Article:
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Memorial Verses

 

 

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There are so many memorial verses to choose that loved ones may feel a bit bewildered about where to start. A few things loved ones may want to keep in mind however are the departed’s interests, goals in life, values, and the endearing qualities that where in his soul.

Many, in a variety of religions, will choose memorial verses from their scriptures, such as the Bible, the Quran, the Bhagavad Gita, or the Tao. These can give the bereaved comfort that the departed is not really gone, but lives for all eternity with God. They also allow them to talk about the deceased’s relationship with his creator, and encourage others to learn from the example that he set out. Another advantage to these kinds of memorial verses is that there are likely many hymns available to compliment this expression.

The less religious might consider some of the poetry of Lord Byron, William Blake, T.S. Eliot, or Robert Frost for their memorial verses. Any of these would be a great way to sum up a life well lived, and give the living a chance to express theirMemorial Verse love for the departed. These too can be complimented by a powerful song, such as “Imagine,” “Time After Time,” or “Goodnight My Love (Lullaby).” Any of these will capture the affection a loved one had in his heart towards the deceased.

Memorial verses throughout history have often taken many unique turns.

In 1619, when original Shakespeare actor, Richard Burbedge died, it is said that an unnamed member of the cast used King Lear’s line “Oh untimely death,” as his memorial verses, and expounded upon how untimely Burbedge’s had been.

At poet, William Wordsworth’s funeral in 1890, friend William Watson wrote a poem of his own as his memorial verses, entitled, “Wordsworth’s Grave.”

“Let us give thanks that one nook hath been,” Watson said, “unfolded by desecration’s wave”

“The little churchyard in the valley green,” he said “that hath our Wordsworth’s grave.” Watson deeply admired Wordsworth’s strength and incorruptibility, a fact deeply expressed in his moving memorial verses.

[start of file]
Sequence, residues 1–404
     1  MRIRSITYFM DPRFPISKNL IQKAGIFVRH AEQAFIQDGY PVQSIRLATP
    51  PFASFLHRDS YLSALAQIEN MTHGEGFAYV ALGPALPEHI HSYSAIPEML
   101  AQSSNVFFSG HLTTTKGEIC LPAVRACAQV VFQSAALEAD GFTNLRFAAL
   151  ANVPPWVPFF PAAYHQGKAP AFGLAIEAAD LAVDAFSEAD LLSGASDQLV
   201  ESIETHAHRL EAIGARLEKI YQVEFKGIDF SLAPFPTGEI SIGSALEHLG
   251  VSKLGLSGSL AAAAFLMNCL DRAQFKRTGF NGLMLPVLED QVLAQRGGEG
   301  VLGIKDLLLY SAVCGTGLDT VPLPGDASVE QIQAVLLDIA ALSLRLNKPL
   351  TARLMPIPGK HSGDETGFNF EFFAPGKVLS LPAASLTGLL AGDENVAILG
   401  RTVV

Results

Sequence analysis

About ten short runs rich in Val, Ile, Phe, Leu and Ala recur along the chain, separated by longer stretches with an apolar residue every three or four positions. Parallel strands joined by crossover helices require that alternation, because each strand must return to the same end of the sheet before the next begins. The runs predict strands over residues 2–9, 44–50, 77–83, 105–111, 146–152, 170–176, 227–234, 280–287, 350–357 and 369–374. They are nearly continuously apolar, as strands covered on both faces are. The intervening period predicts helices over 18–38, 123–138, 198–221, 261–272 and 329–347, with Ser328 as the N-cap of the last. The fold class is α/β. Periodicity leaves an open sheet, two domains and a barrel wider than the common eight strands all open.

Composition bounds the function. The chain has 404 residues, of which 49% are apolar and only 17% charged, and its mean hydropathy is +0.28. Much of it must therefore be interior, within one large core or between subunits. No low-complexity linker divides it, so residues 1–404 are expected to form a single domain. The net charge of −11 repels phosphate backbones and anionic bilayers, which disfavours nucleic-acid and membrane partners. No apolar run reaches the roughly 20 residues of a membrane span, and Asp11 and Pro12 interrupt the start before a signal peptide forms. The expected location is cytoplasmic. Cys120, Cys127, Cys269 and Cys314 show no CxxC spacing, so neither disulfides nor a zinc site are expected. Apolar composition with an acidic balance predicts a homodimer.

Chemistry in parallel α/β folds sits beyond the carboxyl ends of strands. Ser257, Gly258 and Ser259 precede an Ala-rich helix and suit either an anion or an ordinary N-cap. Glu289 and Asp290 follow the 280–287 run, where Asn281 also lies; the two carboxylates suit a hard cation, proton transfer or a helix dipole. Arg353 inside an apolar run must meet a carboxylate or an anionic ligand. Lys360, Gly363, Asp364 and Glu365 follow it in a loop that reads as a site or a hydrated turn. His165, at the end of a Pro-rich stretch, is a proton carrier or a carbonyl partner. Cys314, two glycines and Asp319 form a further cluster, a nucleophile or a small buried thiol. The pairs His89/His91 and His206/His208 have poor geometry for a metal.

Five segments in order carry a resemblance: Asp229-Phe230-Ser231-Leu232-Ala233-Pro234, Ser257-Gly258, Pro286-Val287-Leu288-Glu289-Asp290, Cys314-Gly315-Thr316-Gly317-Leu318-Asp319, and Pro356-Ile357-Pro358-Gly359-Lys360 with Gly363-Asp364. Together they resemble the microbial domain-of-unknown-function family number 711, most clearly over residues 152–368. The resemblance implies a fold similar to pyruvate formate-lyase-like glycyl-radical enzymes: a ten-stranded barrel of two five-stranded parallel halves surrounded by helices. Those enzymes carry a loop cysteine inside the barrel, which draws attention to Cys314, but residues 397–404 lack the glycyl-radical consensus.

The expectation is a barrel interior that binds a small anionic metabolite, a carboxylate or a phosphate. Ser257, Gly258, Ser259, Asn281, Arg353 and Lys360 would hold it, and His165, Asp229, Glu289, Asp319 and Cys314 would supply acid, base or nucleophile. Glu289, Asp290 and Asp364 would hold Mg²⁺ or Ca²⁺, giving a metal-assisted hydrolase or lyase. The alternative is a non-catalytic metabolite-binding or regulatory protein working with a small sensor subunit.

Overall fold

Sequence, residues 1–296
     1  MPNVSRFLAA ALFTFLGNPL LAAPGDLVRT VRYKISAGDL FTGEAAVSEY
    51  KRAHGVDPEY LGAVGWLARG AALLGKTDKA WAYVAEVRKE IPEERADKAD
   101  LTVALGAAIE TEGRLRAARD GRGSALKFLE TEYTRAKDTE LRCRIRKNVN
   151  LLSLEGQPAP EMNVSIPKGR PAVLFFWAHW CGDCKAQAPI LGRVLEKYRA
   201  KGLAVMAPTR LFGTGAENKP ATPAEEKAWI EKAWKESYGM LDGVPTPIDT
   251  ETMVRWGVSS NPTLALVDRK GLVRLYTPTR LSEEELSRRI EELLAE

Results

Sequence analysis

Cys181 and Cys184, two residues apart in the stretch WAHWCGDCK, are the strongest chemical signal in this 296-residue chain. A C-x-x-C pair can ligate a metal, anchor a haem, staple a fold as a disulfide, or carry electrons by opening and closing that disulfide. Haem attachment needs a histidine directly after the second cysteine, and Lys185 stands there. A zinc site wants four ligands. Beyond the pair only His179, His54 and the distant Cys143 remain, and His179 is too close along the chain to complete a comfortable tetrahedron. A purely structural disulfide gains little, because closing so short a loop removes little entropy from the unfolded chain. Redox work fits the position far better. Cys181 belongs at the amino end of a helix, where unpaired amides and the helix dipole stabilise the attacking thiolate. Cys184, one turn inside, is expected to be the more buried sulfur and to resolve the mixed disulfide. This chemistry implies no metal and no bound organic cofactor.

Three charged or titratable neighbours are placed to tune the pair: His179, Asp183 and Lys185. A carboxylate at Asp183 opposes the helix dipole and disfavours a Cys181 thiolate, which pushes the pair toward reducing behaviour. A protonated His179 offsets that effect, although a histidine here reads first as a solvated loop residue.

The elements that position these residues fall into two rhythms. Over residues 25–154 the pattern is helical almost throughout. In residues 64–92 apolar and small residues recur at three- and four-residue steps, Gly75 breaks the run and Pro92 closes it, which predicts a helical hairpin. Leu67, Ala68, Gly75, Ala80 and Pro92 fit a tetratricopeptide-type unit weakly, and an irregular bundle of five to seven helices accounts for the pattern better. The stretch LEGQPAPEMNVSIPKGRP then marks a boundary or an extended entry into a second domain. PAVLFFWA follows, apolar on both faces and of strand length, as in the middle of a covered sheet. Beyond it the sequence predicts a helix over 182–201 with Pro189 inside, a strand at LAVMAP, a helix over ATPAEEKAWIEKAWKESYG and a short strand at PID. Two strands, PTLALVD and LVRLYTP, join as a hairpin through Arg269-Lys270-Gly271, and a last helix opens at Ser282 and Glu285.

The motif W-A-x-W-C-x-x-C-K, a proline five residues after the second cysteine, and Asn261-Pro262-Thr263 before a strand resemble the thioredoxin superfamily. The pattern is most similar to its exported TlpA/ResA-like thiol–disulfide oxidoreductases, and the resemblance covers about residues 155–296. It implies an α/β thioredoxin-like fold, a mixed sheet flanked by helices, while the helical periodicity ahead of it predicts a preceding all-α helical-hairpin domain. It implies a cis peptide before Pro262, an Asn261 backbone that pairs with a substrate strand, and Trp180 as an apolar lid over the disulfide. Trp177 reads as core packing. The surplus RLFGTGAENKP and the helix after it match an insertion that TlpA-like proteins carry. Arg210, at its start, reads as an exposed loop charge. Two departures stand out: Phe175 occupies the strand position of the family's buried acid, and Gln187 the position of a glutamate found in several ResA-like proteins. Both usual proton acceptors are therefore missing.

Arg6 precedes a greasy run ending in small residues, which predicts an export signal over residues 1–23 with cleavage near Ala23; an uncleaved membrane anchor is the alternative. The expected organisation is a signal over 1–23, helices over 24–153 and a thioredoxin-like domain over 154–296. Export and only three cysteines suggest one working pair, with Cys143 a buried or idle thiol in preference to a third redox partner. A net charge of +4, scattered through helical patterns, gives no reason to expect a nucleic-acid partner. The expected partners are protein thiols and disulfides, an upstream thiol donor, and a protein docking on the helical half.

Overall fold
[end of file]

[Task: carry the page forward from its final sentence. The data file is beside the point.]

In 1921, when poet, Jeremiah Burroughs died, close friend Thomas Edison used the story of Jacob in 1st Samuel as his memorial verses in order to emphasize Burroughs’ love for the great outdoors.

“This is an awesome place,” he then added.

When British Queen Alexandria died in 1932, Poet Laureate, Sir Edward Elgar wrote her memorial verses, and had a choir singing in the background as he read.

When President John F. Kennedy died, Phillip Hannan, Auxiliary Bishop of Washington, used a quote from Proverbs as his memorial verses.

“Your old men shall dream dreams, and your young men shall see visions, and where there is no vision, the people perish.”

He then went on to speak of how President Kennedy’s vision had forever changed America.

At the funeral held for the students gunned down during the Columbine massacre, student, Ruth Ann Mahaffey imagined what her fallen classmates might say for her funeral verses.

“Now I am contented that my life was worthwhile,” she said, “knowing that I found ways to make people smile.”

“So if you meet someone who is feeling sad and low,” she said, “just lend a hand to pick him up.”

Mahaffey wanted everyone to know that the kindness, gentleness, and compassion they showed every day would be the last things the students remembered about their fallen friends, not the brutal way they were gunned down.

For the most sincere, heartfelt memorial verses, as the poet Watson and Mahaffey both believed, the departed’s friends and family might achieve the best results by writing the memorial verses themselves. Not only will this well convey the love that is in their hearts towards their fallen loved one, it can also show the beauty that was in so many moments of the deceased’s life. It can also, in a very precise way inspire younger generations to learn from his example.

It has been said that the clothes can make the man. Perhaps it can just as well be said that memorial verses can make the funeral. Because of this, when choosing memorial verses, whether loved ones think of the verses themselves or go with verses already written to paper, loved ones will want to consider the departed’s deeply held convictions, the strengths of his character, and perhaps even add in a story about how these things played themselves out in his life. In the end though, if loved ones’ sincerity can be conveyed, it will be greater than all of the eloquence in the world.

 


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